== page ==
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January 14, 2016

How much should a mobile Notary be paid?

This post was written by a guest blogger who is one of our Notaries on our directory.

HOW MUCH A MOBILE NOTARY SHOULD BE PAID?

This Forum debated the issue one hundred times. How to substantiate the answer? A coincidence of stimuli made me reflect yesterday on the life and profession of the so-called “mobile Notary”, the one who generously drives to the clients’ home to execute documents and, thus, save them the trip to his/her office.

At the beginning, the Notary received a call with the Order, the documents were sent UPS or FedEx and returned the same way. Today, the Notary receives the Order, documents are emailed to print 140-145 pages + Borrowers’ copy

I was reflecting on the notary fees while reading in 123Notary Bulletins messages from Notaries complaining about the low fees being paid…when suddenly my email received a new Order.

We cannot blame exclusively the payer (lender, title company) for the low fees being paid to mobile Notaries. Each “closing” is preceded by a contractual verbal agreement: Notary is to perform under the conditions and at a pay the “employer” offers. Whether “sufficient” or “fair” depends upon the fairness of the payer and mainly, upon the self-valuation of the professional payee. When the Notary bargains, companies (frequently) increase fees.

Explore two incidents: Notaries complaints and the Order I received while reading the 123Notary Bulletins. The Order: Refinancing, 6:00pm, house 20 miles away in rural area. Brief computation of Cost and Time.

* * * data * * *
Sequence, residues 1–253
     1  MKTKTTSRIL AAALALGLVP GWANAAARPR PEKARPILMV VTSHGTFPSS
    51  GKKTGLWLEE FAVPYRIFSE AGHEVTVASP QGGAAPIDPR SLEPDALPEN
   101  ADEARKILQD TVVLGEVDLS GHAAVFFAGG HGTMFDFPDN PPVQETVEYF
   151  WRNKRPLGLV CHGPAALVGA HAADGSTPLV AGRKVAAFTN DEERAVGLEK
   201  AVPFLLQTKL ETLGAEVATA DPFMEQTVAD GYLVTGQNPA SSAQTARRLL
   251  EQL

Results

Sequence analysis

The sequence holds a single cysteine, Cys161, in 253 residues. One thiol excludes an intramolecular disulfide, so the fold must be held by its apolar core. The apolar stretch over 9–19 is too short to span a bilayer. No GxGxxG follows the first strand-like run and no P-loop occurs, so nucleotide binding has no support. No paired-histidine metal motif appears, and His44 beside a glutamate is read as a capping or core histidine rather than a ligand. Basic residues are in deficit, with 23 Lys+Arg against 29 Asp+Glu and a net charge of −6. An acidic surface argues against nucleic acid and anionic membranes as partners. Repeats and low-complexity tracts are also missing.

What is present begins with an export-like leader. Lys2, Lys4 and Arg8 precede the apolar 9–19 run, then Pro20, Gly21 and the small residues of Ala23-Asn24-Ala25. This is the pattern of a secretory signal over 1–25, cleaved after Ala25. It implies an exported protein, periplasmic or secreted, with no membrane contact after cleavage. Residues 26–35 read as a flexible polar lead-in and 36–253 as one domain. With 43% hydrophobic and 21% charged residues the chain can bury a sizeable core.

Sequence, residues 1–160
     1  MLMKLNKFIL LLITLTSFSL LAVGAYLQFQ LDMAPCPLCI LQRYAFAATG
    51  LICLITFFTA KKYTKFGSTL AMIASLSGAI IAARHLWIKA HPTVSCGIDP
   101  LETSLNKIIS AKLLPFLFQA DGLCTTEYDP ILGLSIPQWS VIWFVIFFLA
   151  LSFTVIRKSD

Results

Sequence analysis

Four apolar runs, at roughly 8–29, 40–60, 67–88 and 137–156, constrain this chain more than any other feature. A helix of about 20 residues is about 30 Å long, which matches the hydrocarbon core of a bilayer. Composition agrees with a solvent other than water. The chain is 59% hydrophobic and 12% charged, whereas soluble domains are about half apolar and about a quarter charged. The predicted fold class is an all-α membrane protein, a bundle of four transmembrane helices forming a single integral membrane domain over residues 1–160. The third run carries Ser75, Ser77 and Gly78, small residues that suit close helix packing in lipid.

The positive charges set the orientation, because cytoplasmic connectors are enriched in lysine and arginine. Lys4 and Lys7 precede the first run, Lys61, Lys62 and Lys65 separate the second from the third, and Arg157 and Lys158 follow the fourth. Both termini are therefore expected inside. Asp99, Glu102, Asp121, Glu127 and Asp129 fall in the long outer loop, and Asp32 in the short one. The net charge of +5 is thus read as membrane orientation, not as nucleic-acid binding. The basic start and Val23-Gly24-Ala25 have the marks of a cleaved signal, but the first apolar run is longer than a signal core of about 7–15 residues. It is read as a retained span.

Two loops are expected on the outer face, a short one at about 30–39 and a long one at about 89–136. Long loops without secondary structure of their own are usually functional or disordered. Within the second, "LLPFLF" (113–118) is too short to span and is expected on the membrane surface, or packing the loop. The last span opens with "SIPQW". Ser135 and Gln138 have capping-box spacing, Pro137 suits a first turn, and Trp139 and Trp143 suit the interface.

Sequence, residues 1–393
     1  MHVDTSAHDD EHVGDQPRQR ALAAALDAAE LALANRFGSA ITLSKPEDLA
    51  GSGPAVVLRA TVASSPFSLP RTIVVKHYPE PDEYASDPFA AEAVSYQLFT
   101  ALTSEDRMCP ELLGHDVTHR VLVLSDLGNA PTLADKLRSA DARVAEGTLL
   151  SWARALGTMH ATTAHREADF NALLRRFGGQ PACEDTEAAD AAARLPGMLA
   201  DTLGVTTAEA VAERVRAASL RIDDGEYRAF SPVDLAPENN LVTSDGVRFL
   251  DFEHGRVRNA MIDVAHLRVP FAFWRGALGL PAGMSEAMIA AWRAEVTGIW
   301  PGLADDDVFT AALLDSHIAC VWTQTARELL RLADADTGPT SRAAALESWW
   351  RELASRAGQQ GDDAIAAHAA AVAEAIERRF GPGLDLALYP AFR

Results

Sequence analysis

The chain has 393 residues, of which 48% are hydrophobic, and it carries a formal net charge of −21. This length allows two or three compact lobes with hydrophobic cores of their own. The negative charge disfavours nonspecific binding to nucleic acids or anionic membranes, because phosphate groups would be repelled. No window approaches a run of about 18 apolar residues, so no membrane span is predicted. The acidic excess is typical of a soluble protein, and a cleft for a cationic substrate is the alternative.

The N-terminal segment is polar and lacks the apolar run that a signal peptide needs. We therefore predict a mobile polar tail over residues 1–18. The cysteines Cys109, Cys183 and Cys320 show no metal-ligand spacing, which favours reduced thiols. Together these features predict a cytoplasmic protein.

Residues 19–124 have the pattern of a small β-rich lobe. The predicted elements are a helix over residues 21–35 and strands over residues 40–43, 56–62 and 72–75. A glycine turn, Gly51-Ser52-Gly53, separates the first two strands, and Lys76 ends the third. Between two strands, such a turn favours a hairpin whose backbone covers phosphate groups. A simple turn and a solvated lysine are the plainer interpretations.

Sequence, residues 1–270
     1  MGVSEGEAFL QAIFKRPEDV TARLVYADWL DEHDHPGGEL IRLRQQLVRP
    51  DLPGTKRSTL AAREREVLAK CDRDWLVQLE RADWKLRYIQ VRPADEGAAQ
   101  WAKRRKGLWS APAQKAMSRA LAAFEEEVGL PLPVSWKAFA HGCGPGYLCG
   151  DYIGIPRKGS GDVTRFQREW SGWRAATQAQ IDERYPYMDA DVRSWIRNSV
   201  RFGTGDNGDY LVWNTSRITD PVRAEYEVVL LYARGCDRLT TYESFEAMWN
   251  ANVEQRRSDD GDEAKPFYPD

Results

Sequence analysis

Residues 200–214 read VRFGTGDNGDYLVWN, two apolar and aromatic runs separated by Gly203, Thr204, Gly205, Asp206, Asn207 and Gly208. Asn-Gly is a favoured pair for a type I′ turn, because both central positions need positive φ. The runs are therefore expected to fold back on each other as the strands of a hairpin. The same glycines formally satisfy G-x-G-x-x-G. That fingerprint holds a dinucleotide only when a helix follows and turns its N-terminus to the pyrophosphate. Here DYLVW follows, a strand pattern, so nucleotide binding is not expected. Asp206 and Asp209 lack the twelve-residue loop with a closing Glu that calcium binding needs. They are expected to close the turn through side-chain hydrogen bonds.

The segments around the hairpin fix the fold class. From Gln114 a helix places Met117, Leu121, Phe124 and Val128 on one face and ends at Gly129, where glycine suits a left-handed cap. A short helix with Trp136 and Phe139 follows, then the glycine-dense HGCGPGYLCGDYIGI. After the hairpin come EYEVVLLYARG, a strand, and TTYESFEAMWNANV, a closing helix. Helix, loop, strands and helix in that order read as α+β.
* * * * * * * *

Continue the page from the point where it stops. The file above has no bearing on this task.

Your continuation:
OUT-OF-POCKET EXPENSE.

*Long distance. Three calls to company: $1 (add if documents faxed).

*Car. Round-trip to clients and shipping: 40+6 miles=46. If computed “for Reimbursement”, per 2015 Internal Revenue Service rules: $0.575/mile x 46 = $23.00. If computed as “strictly” Cost: (Notary has to estimate own car mileage use. Mine drinks 1 gallon/12 miles.) At $2.80/gal or $0.233/mile x 46=$9.33. Notary must add “other expenses”: maintenance, registration, insurance, tires amortization.

*Printing. About 260 sheets. If outside (Mail store, Office Depot) at $0.07=$18.20. If at home/office: $5.60, including paper and ink/toner, not maintenance, amortization or other expense.

*Other non-related [Notary] service.- Example: Some companies started asking Notary, “If client does not have IDs photocopy, not to worry; just take photos with your cellular and transmit to us”. Which reminds of that hypothetical proposal of the health insurance company to a physician: “Next time, if the patient does not bring his X-Ray or MRI, do not worry; just use the equipment at your clinic [without invoicing]”.

Estimated out-of-pocket minimum expense: $42.20 (or $15.93, per Notary practices).

TIME.

*(Driving measurable distance vs. actual driving time: 2 miles office-Interstate takes 10-15 minutes due to endemic heavy traffic; remaining 18 miles may take only 20-25 minutes). Total 40 miles; time 1h20m.

*Calling client, calling company to confirm, upon arrival, upon completion; print originals and copies, review and organize them; signing at clients’ home; updating company; delivering to shipping. Minimum 4h10m.
Total time: 5h30m.

Accepting or declining an Order is the exclusive privilege of the Notary, how much he/she values the professional services, how high/low is his demand for respect (personally, professionally). How much 5 hours-30 minutes of work and $42.20 cash advanced are worth? Compare with other activities. The BLS (Bureau of Statistics of the US Department of Labor) released July 27, 2015 its 2014 Occupational Employment and Wages studies. Results are used by corporations, unions and workers to establish and renew fair compensation indexes. Its Mean Hourly Wage of selected occupations shows:

*Legal [administrative employee] is paid $48.61/hour (thus, Notary’s pay for the above sample Order of 5h30m could be $267.35 plus $42.20 expense=$309.55.

*National Business and Financial $34.81 (Notary’s pay: $190.35 plus $42.20=$232.55).